Students and families see dairy farming up close during 4-H Field Day

Local students and their families got an inside view of dairy farming at Threemile Canyon Farms’ annual 4-H Field Day in May – very deep inside, as students had the opportunity to thrust their gloved arm into a cow’s working digestive system.

“It felt like warm steak and hay!” said Gideon Topliff, an 8th grader from LaGrande, laughing with his friend about the experience. Topliff’s dad works at the farm, and the family raises cows at home, but the fistulated cow – a term for a cow with a medical device called a cannula implanted in its flank so that veterinarians can study its digestion – was a new experience.

Gideon’s mom, Elizabeth Topliff, agreed. Even for farm kids, the chance to see more in-depth aspects of life at Threemile ­– activities focused on irrigation or integrated pest management or how to help a distressed cow give birth to a healthy calf – expands their perspective, she said.

Ehrin Dawson, Threemile Canyon Farm’s nutritionist, guided students through the activity, explaining how they could feel the contractions in the cow’s rumen, the mat of feed, and farther down, a more liquid area where digestion was occurring. She encouraged participants to reach in, pull out the plant matter for a look, and feel the cow’s body working.

“It gives them the opportunity to see a different side of the farm,” Dawson said, rubbing the side of the glitter-bedecked cow to soothe her. “It brings the community out to the farm, shows everyone how we’re families too.”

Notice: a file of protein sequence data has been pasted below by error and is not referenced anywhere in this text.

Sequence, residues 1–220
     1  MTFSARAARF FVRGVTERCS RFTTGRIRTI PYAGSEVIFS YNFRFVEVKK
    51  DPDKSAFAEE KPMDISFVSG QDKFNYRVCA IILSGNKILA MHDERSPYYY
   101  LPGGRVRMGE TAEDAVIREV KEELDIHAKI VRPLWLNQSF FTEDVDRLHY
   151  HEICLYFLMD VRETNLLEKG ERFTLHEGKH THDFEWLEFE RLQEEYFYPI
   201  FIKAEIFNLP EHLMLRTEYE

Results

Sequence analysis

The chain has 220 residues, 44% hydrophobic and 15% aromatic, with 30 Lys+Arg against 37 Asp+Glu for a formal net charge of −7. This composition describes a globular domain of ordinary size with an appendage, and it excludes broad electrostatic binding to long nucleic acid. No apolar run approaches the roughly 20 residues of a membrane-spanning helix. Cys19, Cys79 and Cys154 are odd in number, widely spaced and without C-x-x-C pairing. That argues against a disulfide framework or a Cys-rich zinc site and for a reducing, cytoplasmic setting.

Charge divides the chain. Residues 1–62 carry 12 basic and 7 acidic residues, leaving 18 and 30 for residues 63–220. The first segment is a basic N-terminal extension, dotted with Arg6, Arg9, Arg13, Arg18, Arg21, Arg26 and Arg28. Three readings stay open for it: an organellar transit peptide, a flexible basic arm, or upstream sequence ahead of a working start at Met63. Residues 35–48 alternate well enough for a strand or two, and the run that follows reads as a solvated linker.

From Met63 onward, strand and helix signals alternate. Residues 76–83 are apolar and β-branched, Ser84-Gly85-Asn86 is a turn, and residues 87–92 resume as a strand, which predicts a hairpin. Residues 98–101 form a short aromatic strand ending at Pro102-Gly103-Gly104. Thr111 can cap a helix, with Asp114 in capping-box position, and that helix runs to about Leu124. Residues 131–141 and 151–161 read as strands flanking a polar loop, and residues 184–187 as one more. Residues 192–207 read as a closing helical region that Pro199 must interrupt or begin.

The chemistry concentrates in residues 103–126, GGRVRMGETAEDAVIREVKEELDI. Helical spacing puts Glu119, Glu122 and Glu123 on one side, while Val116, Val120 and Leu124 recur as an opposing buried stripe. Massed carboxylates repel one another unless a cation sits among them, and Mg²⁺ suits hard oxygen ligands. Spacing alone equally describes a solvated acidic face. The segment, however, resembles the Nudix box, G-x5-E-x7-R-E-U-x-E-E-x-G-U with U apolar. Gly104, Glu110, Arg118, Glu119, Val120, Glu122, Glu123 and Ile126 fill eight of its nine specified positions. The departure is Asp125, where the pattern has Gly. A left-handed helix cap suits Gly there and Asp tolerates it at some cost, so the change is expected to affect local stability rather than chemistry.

A few yards away, Jeddie Aylett, a director at the farm, talked to students about how different crops grow and explained the integration between the crops and the dairy. “It takes this whole team to make it work,” he said.

This fifth 4-H Field Day attracted about 120 local people, a mix of family members of farm employees and local 4-H students and their parents, to chat with farm leaders, explore various aspects of agriculture and share a community picnic.

“Hopefully we’re meeting some of the future employees of Threemile Canyon Farms today,” said Farm President Bill Antilla. “It’s great to be engaging the community and creating the opportunity for the kids to see first-hand how an actual farm works, to see the connection between the crops and the dairy and how we all work together.”

Jeff Wendler, Threemile director of livestock operations said the staff loves hosting the event every year to introduce kids to agriculture. “We’re very proud to be part of Morrow County, proud of all the products that we produce here to feed the world,” said Wendler. “You’re never too young to start thinking about careers in agriculture,” he said.